Running from Paradise

Category: Ships Log
  Suwarrow Running Alena enjoying 150x  

August 26th - September 1st

Thunderstorm, large waves, strong winds, rain and a flying chicken noodle soup

 

A large front system was moving in from the SE with predicted winds over 20 kts for Suwarrow and even stronger winds further west. Our options were limited. Staying in Suwarrow would mean sleepless nights with Green Panther jerking on her chain in the coral riddled anchorage which was completly open to the SE. So we decided to leave Suwarrow and to run to the next sheltered port which is Samoa about 500 miles to the West.

 

Suwarrow Running CalmLagoon
One of the last calm days in Suwarrow, before the winds were supposed to pick up to 20+kts.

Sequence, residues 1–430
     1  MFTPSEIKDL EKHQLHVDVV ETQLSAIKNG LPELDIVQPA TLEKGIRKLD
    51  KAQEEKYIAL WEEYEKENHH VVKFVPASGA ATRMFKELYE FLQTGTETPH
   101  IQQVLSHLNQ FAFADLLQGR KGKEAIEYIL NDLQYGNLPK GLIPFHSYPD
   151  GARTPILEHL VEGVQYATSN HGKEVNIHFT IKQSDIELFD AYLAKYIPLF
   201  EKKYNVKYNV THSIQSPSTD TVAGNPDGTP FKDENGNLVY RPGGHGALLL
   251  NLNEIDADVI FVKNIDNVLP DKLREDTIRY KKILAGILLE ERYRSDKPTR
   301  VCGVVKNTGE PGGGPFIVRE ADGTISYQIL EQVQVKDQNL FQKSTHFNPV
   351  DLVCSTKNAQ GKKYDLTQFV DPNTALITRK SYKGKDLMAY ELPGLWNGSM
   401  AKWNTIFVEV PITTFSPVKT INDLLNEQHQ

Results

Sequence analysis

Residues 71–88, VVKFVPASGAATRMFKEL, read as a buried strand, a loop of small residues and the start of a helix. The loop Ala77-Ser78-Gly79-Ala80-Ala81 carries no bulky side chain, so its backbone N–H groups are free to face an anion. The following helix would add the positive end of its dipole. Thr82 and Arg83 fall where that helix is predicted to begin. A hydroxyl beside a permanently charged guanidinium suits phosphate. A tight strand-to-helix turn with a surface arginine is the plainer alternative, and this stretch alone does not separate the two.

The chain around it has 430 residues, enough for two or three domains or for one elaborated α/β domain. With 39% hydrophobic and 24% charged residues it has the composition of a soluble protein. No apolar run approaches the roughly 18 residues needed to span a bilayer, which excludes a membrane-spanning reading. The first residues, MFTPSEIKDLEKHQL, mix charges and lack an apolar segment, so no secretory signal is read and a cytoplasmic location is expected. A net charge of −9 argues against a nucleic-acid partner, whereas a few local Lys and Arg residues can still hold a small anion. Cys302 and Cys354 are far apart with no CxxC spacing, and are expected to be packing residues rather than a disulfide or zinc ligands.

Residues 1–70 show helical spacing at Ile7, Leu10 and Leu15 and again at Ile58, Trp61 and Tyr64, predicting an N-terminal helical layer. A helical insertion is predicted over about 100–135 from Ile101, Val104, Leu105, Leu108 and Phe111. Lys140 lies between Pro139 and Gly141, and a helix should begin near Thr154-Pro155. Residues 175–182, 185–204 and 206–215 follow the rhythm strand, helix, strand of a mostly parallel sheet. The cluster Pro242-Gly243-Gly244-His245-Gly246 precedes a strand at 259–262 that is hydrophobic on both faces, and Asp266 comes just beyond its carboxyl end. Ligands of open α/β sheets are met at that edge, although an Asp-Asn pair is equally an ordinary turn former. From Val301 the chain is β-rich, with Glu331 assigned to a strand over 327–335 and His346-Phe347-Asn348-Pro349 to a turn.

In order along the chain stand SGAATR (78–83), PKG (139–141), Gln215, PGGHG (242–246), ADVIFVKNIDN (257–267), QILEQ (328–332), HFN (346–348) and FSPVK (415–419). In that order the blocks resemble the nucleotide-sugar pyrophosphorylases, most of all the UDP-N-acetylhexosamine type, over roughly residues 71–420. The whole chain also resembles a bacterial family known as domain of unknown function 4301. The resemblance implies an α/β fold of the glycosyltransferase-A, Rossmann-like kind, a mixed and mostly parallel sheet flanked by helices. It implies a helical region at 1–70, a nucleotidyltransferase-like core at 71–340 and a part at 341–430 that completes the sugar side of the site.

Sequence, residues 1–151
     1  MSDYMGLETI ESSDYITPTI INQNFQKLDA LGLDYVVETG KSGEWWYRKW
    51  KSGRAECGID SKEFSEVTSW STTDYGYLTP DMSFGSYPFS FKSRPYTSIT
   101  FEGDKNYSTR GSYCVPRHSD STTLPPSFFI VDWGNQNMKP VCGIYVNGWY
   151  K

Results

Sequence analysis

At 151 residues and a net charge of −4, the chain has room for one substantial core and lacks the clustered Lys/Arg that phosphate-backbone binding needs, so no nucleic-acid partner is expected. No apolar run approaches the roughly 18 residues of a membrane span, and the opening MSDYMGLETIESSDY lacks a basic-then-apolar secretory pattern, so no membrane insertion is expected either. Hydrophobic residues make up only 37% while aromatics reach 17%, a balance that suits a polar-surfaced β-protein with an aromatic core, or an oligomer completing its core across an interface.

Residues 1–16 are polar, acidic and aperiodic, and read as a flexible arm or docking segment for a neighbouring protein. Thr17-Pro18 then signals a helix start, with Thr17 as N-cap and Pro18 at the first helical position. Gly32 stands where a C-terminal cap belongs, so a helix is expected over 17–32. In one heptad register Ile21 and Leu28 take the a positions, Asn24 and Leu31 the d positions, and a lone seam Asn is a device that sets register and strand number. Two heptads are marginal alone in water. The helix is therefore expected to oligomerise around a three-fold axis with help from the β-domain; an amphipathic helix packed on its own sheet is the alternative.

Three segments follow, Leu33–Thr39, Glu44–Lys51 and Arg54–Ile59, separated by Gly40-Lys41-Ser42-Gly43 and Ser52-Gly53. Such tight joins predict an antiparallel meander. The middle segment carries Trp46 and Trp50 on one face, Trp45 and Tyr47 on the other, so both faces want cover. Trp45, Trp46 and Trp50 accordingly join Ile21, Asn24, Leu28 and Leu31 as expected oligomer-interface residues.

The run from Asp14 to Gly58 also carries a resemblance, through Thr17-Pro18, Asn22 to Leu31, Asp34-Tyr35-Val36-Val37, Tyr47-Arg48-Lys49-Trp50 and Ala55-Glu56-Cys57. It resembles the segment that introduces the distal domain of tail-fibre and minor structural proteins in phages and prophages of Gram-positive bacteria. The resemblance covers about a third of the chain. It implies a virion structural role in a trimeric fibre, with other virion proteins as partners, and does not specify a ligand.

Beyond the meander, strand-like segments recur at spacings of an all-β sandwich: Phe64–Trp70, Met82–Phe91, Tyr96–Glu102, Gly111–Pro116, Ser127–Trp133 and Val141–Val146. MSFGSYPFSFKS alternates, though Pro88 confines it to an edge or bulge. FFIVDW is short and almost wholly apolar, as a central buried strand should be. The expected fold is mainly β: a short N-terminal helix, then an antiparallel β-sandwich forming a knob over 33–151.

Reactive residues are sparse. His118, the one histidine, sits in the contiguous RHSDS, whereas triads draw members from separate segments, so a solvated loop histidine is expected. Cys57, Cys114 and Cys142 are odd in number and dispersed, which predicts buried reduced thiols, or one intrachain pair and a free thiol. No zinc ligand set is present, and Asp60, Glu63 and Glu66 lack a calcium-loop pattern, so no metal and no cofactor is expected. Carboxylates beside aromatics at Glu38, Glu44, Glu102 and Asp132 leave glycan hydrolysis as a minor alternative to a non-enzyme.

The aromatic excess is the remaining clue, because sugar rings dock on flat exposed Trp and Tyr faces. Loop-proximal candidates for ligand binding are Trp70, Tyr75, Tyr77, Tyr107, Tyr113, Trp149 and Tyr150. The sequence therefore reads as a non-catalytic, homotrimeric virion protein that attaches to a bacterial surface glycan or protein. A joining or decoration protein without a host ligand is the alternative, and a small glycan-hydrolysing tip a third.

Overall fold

As we said goodbye to Suwarrow we were hoping the weather files might have exaggerated the conditions and it would not be so bad on the ocean.  But it was.  The first hours we had very light winds and used our engine to keep the boat moving and the sails from trashing themselves in the big 3+ m swells. Later in the afternoon the wind picked up and black clouds started moving in. By sunset we were swallowed by those clouds which were so dark it was impossible to tell where the the ocean ended and where the clouds started. First we had some strong wind gusts and a few rain drops but then it started to pour. It was one of these intense tropical downpours that feels like your are sailing the boat through a waterfall, reducing the visibility to about one meter. Under these conditions we were glad to have our bimini top and to have spent the few extra bucks on quality foul weather gear at the last boat show. In the middle of the downpour the wind died completely, but the swells were still running tall so we started the engine again.  Once the rain stopped we realized that we were still surrounded by a black wall on all sides; not a single star or for that matter even the shape of a cloud could be seen. Then all of a sudden a lightning strike made the horizon flash up in a bright yellow not far from the boat. I counted the seconds to the thunder, and it still seemed more than ten miles away. A thunderstorm is one of the worst things that can happen to you on a boat, because there is nothing you can do really. When it hits you, it hits you and possibly fries all your boat electronics. The fact that our sailboat is the only tall object to attract a lightning strike in maybe hundreds of miles does not help. I did, however, make my way from the cockpit to the mast, being harnessed in all the time, and deployed our copper wires mounted to the mast overboard. The idea is that if lightning strikes it may run down the mast and follow the copper wire into the sea, rather than going through the boat, damaging the electronics, and then blowing a hole in the hull to get out to the sea (we've read lots of horror stories of lightning strikes at sea). There is no way of knowing which way the lighting will go, but at least the copper wires are something to hopefully increase our odds.  Unfortunately the lightning strikes came closer over the next hour, but before they reached us the wind shifted back to SE. This was a good sign and indeed a few hours later the nasty system was gone and we could see the stars again.